‘The greenest brick is the one that’s already in the wall’, is an argument put forward by many an environmentalist. And business leaders are starting to find that the same is true for glass and steel. Energy-efficient retrofits are breathing new life into a number of iconic buildings by bringing soaring utility costs under control.
That’s why Hong Kong-based firm Li & Fung picked the Empire State Building for its New York headquarters earlier this month, its owner Anthony Malkin told Bloomberg TV’s Betty Liu. The art deco landmark was completed way back in 1931, but its recently-concluded $550 million renovation has made heating (and cooling) the offices affordable once again – an important factor Malkin says, since reducing unpredictable utilities bills is a top priority for its Big Apple tenants.
It’s an argument that’s starting to make sense for businesses in China too. The Hong Kong-listed utility China Light and Power (CLP) is betting that companies in Guangdong’s Pearl River Delta can be persuaded to do something similar. Its plan is to help buildings salvage their waste heat and deliver it somewhere productive.
The technology’s nothing new (it was developed in the 1940s), but China’s low energy costs meant the investment wasn’t thought to be worthwhile until recently. That’s no longer the case. Drought in China’s river systems limited the electricity available to many of the coastal factories last year – and the annual tug of war between coal miners and power stations regularly means brownouts.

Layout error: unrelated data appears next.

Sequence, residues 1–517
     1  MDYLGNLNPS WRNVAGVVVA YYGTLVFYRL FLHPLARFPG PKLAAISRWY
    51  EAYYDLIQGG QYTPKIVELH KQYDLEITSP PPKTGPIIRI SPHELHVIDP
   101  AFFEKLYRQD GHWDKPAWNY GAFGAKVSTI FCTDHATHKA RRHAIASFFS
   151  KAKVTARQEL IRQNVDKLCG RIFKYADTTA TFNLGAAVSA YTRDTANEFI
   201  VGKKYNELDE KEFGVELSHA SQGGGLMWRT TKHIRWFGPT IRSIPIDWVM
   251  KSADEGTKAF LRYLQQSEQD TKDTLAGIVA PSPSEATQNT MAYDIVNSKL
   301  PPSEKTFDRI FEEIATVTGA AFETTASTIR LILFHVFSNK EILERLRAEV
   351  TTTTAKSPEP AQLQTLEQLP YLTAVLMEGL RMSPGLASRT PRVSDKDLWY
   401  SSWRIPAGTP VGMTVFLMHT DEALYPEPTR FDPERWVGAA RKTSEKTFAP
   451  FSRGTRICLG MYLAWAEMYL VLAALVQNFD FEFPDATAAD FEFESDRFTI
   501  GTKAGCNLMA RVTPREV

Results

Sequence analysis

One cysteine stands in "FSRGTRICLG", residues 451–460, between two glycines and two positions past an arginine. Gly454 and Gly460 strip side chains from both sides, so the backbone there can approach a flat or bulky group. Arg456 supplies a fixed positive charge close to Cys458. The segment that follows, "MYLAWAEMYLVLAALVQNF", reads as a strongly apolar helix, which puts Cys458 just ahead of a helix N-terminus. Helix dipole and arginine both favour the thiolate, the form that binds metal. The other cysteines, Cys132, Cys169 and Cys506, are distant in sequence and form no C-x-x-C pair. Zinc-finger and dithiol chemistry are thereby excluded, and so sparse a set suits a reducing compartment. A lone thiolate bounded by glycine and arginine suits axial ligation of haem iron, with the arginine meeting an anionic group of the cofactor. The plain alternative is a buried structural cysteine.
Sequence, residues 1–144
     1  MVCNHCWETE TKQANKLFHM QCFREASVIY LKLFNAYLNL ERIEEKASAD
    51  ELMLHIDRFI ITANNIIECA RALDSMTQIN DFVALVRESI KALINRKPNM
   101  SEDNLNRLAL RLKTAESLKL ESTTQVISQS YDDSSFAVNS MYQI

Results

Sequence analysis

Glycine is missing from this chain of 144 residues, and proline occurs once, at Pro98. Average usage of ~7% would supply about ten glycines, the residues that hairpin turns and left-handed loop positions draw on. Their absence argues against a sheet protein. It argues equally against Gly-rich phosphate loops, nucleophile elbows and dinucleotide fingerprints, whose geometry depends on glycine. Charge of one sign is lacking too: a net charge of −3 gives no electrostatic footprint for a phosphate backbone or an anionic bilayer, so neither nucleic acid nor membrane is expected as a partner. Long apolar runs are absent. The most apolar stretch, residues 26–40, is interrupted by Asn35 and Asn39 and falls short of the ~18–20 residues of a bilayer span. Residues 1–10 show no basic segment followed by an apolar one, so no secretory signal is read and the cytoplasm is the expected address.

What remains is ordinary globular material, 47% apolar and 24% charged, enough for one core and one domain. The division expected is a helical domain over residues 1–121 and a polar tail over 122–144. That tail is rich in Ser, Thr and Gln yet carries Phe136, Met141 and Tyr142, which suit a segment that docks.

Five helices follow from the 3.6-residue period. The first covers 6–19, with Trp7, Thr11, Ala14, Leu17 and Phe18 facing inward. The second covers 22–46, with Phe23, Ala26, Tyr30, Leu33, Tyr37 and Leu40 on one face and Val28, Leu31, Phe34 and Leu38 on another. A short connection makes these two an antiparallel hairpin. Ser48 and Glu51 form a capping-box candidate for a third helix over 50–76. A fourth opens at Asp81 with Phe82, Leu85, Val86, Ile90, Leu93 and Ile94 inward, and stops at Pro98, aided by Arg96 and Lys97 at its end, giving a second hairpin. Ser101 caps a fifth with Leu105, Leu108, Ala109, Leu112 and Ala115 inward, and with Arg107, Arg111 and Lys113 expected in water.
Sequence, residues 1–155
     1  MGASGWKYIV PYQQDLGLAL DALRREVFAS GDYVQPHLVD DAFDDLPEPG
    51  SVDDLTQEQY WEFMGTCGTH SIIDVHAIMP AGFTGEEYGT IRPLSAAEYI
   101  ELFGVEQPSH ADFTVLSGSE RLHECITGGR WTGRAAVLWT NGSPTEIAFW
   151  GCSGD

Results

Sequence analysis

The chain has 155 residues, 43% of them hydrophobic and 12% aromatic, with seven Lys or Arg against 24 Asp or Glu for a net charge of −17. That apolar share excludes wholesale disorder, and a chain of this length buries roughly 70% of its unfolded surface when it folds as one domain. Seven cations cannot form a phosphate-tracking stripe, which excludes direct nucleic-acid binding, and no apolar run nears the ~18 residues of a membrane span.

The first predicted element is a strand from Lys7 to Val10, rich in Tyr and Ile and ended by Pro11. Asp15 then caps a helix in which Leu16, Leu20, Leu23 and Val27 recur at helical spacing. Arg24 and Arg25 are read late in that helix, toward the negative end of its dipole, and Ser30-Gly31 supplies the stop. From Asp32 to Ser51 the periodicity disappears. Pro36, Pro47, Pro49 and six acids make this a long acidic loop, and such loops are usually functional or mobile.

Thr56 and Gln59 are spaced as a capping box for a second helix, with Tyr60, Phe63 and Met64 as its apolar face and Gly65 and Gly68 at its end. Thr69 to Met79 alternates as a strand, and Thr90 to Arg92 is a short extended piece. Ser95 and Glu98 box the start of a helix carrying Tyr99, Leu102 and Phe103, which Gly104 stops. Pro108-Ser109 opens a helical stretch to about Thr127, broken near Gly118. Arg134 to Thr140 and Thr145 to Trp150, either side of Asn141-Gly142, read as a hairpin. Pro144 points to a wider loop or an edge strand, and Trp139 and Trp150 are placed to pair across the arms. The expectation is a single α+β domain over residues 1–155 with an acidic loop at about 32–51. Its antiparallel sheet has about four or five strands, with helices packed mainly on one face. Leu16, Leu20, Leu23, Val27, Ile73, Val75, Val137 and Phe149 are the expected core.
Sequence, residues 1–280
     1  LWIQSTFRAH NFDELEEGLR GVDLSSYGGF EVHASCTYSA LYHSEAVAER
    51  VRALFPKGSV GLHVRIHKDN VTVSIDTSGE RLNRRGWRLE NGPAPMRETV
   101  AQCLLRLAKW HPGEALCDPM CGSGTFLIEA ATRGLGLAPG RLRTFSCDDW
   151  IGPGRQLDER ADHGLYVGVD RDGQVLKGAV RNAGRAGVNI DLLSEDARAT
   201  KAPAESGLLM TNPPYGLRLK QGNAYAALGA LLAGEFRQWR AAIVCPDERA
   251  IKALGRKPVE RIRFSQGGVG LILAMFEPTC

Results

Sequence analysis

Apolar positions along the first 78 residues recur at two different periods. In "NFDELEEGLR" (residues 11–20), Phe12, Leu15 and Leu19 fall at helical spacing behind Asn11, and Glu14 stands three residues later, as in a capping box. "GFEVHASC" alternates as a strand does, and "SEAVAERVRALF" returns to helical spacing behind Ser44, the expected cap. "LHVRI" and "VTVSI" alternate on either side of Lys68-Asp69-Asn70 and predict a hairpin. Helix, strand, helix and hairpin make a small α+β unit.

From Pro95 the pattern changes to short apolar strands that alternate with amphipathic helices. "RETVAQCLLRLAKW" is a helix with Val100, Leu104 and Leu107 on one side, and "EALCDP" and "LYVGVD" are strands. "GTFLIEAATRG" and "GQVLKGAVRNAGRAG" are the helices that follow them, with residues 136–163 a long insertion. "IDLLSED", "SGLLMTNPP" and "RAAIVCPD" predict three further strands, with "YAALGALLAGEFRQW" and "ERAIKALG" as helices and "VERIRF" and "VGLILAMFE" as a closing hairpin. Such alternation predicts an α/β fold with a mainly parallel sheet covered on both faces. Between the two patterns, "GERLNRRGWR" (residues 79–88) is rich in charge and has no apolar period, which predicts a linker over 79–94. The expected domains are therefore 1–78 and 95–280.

It’s a problem China’s policymakers have been made painfully aware of recently. “Cold weather in China is expected to intensify over the coming weeks,” an economist told the Platts news service, “and this is likely to exacerbate the squeeze in electric power availability within the country.”
With the National Development and Reform Commission (NDRC) under heavy pressure from utilities to raise the price of electricity, heat pump technology could finally have its day. The trick, say environmental engineers, is to find an adequate source of wasted energy. The most popular solution so far, has been to salvage the heat generated by hotels’ central air-conditioning systems – which is diverted by the pumps to warm up water for showers and baths.
“Because they move heat rather than generate heat,” explains the US Department of Energy, “heat pumps can provide up to 4 times the amount of energy they consume.” The bottom line is that energy bills are cut by as much as 60%, according to CLP. For the Shangri-La hotel in Shenzhen, one of CLP’s first retrofit clients, the savings translate to a little under $100,000 a year (versus what it pays to run a gas boiler). That means the project should pay for itself after three years (it cost around $300,000) – and possibly sooner if energy prices rise.
China plays host to a wide range of energy-intensive businesses ranging from manufacturers to heavy industry. Common sense suggests that a significant amount of energy used to power those operations is wasted as heat, but if the environmental engineers (and government officials) have their way, that won’t be the case for long. If the country is to meet its target of improving energy efficiency by another 20% over the next five years, retrofits like this will likely become far more widespread.
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